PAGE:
In April’s Online Learning Webinar, learning designers Jessica Mansbach and Krissy Wilson and instructional technologist Jackie Wickham responded to recent student survey results indicating that students want more individual feedback from faculty, sharing six topics related to feedback for online students: Providing Useful Feedback Frequency and Timing of Feedback Getting Students to Use Your Feedback Tone and Bad Feedback Time-Saving Feedback Strategies Considering Feedback in Building Course Structure Faculty attendees also shared experiences and concerns related to providing feedback to students in the online environment. To view a recording of the webinar, click here. To visit the Canvas site displayed
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As a Learning Designer in the School of Professional Studies, I collaborate with faculty as an advocate for curricular excellence, innovation in design and technology, universal design for learning, and superior student engagement and experience. Please feel free to connect with me on LinkedIn or follow my professional Twitter account for Canvas tips, industry and university news, and live conference discussion.
Prior to joining Northwestern, I worked with faculty in a broad range of disciplines—from thanatology to business ethics to art history—as an Instructional Designer at DePaul University. Before immersing myself in instructional design, I worked in libraries as a cataloger, scanning technician, and special collections assistant.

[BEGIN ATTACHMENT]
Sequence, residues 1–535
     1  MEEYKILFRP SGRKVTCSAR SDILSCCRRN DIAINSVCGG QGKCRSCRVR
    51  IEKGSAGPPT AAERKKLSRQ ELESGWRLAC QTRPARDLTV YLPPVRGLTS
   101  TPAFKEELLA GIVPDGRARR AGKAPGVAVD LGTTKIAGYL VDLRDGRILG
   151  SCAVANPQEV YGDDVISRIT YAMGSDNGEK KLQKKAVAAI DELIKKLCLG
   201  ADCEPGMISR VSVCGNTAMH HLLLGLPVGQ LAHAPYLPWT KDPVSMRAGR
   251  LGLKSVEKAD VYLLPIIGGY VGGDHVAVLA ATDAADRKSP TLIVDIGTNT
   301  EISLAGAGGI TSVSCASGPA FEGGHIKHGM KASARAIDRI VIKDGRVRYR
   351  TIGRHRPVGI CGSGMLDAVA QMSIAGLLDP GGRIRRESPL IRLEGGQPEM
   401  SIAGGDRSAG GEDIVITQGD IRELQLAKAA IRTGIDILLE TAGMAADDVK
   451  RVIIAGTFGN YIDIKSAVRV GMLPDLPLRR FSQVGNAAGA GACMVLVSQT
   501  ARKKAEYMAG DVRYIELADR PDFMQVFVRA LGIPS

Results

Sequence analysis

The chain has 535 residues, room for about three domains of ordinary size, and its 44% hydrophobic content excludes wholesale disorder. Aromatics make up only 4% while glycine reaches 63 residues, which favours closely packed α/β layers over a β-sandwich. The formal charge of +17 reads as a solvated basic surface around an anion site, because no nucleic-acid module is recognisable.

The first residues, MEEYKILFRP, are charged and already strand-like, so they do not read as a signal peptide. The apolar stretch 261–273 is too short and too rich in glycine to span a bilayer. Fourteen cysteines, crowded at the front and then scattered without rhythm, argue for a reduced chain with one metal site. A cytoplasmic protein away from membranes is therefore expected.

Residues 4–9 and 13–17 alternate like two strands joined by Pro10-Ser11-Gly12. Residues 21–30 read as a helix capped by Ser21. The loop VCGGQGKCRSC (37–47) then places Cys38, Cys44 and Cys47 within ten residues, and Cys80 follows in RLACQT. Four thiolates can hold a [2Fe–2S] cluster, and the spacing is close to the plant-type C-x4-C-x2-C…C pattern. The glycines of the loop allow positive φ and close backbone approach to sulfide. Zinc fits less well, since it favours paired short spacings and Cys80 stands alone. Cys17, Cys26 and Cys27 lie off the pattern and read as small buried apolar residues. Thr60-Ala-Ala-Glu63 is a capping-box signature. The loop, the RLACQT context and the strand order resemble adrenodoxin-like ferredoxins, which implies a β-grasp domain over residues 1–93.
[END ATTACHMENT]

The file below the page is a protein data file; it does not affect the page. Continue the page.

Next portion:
I am a Quality Matters peer reviewer, and I earned a Master of Fine Arts in Writing at the School of the Art Institute of Chicago in 2014 as well as a Bachelor of Arts in English with a concentration in Children’s Literature from the University of Florida in 2012.
When I’m not working, I enjoy hiking, road trips, coffee, and hunting for textual fragments of glass, pottery, and porcelain that I collect at my blog, Detritus: Poems from the Thames Foreshore.
Posts by: Kristina Wilson
Context In partnership with Professor Caroline Goldthorpe, MUSEUM 370 – Museum Origins and Issues underwent revision between December 2016 and March 2017. This course is a required course in the Museum Studies Online Certificate Program and was originally developed in 2007 as one of the first courses the School of Professional Studies offered online. Throughout our revision, we strove to preserve the best components of the existing course and update the course to meet Quality Matters standards. One carefully considered, critical assignment in the course is the weekly Field Assignment. Each week, of the course discusses the origins and ethical
Introduction We are always looking for ways to make our courses more engaging for students. That might mean more opportunities for students to interact with each other in small groups, developing short videos with in-video quizzing, or creating an interactive map. One way that faculty often try to make an online course more visually interesting is by adding images to slideshows, videos, and pages in the course site. But even with the best intentions, online courses can become crammed with images: clip art that adds little value, photos used without permission and in violation of copyright law, low-resolution images that